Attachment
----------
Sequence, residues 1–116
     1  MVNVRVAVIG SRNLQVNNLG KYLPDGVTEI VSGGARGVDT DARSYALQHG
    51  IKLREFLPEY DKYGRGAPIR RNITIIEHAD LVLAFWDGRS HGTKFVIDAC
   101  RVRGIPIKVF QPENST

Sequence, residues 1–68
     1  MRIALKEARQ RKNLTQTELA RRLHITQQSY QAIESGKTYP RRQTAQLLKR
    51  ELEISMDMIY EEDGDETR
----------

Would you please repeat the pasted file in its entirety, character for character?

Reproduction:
Sequence, residues 1–116
     1  MVNVRVAVIG SRNLQVNNLG KYLPDGVTEI VSGGARGVDT DARSYALQHG
    51  IKLREFLPEY DKYGRGAPIR RNITIIEHAD LVLAFWDGRS HGTKFVIDAC
   101  RVRGIPIKVF QPENST

Sequence, residues 1–68
     1  MRIALKEARQ RKNLTQTELA RRLHITQQSY QAIESGKTYP RRQTAQLLKR
    51  ELEISMDMIY EEDGDETR